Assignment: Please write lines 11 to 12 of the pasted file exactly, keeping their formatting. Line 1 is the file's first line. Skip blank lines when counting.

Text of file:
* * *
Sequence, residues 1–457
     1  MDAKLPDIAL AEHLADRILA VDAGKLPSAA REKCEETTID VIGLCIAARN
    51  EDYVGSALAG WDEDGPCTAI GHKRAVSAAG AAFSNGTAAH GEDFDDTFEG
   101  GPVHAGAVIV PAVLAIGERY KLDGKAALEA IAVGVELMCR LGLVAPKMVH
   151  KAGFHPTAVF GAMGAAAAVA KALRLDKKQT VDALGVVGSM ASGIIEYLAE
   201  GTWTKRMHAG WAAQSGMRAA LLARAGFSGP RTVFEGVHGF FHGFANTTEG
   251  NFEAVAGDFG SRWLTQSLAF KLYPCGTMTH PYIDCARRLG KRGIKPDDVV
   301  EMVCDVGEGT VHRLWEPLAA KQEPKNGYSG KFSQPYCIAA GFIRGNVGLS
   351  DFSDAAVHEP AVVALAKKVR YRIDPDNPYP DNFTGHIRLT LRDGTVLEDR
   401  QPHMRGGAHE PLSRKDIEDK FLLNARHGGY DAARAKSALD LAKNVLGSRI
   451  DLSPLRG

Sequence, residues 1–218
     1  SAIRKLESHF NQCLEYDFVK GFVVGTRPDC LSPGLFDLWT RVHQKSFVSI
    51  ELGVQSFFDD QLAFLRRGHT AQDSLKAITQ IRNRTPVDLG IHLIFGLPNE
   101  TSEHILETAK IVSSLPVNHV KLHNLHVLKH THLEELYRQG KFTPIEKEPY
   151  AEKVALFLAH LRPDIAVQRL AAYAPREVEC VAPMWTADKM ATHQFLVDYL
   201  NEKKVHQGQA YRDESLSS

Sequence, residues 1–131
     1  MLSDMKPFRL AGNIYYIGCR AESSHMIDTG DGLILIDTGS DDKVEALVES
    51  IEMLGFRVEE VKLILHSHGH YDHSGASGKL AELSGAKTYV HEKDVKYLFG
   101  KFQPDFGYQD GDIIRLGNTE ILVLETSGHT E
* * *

   451  DLSPLRG

Sequence, residues 1–218